Liked by 2 people

  6. C Montgomery Burns says:

    I should just start off with #ImStillBitter.

    And boo-hoo for all those suckers who thought the Orange Monster would cure all their ills and make them….I don’t know, let’s say more white again, no? How about make them rich and famous and maybe let them stay in one of his many gold plated houses of wh&res build of other peoples money in the sky.

    So some fool didn’t do her homework or put 2 and 2 together and realize Don the Con made his (non) fortune off of fu#king people who where down on their luck or just too stupid to not to be born to racist parents with money. F them.

    Just as I say F you to the fools I work with who just got pink slips because my employer was dependent on a federal bailout that is now not coming.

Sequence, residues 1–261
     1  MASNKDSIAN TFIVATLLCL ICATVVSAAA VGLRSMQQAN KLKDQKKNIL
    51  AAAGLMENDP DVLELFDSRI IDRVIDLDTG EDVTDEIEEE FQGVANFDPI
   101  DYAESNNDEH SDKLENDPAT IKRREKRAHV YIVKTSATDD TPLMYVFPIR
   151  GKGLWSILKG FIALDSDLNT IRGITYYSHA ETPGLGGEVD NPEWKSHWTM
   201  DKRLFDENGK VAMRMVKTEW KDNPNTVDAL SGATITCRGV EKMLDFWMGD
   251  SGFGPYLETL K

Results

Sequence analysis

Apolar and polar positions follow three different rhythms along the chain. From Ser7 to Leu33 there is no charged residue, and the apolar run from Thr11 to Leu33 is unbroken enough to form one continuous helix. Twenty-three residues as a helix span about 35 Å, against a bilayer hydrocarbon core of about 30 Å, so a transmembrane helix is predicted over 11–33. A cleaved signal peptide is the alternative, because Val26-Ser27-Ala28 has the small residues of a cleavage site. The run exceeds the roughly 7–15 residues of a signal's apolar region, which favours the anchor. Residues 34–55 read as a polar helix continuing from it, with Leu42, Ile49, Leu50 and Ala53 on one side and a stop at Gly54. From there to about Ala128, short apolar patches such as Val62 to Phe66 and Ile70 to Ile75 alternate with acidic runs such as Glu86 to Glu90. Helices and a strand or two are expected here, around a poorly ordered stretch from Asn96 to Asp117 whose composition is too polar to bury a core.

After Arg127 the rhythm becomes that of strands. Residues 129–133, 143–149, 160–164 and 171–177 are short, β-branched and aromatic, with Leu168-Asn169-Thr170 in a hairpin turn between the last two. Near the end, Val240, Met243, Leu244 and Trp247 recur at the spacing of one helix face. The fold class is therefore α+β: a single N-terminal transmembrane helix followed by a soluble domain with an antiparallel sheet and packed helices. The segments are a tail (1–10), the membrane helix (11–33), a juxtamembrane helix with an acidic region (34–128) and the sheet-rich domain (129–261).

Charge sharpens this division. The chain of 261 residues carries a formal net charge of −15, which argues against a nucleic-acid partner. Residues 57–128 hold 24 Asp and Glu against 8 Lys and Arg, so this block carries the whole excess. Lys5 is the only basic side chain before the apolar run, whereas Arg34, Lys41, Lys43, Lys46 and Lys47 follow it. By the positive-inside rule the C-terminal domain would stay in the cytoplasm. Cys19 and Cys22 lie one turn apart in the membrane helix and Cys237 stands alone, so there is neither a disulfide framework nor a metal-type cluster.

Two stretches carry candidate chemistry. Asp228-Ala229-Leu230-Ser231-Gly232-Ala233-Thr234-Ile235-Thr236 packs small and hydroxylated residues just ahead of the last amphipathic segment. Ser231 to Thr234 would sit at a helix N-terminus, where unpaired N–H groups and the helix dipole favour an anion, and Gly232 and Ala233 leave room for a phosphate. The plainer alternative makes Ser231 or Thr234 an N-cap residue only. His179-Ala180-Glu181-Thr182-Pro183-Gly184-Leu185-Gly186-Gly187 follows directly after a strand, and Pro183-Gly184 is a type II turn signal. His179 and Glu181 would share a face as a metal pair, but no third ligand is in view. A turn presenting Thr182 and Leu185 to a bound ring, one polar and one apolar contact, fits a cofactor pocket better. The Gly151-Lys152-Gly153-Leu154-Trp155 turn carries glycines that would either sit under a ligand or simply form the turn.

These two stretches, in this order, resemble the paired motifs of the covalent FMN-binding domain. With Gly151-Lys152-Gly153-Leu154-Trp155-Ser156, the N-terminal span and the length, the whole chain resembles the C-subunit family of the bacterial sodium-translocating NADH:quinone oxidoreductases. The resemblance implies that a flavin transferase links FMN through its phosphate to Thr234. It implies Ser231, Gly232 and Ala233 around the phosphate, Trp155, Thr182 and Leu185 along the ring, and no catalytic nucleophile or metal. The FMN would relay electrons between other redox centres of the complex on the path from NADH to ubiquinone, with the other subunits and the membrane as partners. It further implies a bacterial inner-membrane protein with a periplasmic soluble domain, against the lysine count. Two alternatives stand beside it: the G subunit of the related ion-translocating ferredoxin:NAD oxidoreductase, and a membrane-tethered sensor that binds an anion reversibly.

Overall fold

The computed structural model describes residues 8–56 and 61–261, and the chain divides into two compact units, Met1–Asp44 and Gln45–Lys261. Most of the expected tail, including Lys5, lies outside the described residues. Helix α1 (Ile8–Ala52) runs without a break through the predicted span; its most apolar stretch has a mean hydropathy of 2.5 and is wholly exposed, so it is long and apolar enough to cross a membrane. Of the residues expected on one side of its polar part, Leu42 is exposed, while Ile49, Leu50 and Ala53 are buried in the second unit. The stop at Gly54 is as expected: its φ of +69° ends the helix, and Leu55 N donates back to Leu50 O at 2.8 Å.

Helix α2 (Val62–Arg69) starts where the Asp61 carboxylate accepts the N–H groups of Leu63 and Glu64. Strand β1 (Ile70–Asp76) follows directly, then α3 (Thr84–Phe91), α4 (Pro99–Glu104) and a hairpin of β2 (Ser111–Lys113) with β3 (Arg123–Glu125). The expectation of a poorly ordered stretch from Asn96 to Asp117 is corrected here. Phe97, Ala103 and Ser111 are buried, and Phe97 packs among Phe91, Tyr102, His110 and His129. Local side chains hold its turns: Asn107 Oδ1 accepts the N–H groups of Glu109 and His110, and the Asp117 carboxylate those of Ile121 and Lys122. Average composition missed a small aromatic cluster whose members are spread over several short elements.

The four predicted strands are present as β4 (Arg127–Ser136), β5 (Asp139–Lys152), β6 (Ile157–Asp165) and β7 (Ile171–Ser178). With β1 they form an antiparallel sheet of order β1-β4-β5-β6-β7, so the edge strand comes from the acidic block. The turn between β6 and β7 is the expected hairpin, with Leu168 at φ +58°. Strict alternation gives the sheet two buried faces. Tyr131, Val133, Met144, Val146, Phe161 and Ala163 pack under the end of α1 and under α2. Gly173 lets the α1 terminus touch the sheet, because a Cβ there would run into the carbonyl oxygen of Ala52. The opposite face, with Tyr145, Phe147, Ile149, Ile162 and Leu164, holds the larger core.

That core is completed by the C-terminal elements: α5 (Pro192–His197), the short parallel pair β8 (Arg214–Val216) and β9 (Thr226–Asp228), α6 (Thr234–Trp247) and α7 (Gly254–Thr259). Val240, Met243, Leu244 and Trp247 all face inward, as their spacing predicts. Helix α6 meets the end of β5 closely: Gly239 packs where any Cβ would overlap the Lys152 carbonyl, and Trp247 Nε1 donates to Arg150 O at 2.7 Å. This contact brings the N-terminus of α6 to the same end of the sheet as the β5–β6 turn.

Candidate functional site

Every one of the newbies who were hired in the past 2 years made a point to vocally promote Hair Monster Trump even though any campaigning/politics in the office are forboden. We are a union company so voting for someone who doesn’t support unions or minimum wages or…..blah, blah, blah. I’m just to tired to care about them anymore, as granny Burns used to say ‘You reap what you sow’.

    So now they, because of their adoration of a bull shit sales man fell for the oldest con around and now, they’re out. No more paycheck, no more health insurance and no more retirement/401, just the warm satisfaction that they voted for the guy who’s going to drain the swamp, the same swamp that was going to keep us in business. i couldn’t begin to describe how much I could care less about the hurt feeling of these people who lost lost homes and health care because and dignity. I can only say just wait looosas, it’s just beginning, the garbage the swamp is getting filled with needs more victims.